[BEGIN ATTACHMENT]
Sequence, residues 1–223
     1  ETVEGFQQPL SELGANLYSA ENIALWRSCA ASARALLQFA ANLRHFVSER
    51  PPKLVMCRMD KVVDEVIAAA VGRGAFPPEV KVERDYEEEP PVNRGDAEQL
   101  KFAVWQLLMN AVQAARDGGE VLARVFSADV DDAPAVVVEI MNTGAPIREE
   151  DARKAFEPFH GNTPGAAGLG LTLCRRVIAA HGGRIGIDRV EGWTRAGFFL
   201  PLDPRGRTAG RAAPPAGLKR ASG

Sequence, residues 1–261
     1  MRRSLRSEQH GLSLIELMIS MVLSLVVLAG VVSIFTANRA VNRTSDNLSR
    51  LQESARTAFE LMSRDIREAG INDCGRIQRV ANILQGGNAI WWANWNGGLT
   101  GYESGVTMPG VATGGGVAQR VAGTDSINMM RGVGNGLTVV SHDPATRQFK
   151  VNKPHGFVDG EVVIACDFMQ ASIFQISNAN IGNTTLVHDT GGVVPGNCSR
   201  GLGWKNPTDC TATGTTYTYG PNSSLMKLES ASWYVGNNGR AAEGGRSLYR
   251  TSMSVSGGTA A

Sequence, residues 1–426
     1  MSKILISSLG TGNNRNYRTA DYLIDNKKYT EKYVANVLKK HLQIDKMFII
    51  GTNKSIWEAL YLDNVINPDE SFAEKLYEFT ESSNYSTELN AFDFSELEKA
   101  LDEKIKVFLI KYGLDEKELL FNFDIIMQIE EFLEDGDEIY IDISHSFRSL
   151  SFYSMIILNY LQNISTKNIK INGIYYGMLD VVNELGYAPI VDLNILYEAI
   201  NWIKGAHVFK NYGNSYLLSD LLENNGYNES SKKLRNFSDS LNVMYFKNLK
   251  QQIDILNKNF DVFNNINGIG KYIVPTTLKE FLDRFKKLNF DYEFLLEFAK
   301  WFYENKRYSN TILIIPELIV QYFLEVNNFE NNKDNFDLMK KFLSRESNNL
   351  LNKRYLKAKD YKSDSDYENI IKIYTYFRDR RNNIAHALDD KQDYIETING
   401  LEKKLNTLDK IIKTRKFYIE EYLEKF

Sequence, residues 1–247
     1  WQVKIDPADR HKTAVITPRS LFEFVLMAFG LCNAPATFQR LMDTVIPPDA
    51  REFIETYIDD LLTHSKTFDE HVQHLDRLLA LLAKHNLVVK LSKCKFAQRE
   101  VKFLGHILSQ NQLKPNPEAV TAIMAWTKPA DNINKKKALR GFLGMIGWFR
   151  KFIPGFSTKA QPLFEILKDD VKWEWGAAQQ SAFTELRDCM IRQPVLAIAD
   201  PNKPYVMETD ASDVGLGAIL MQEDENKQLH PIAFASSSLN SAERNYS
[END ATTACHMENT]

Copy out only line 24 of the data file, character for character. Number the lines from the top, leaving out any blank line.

Sequence, residues 1–247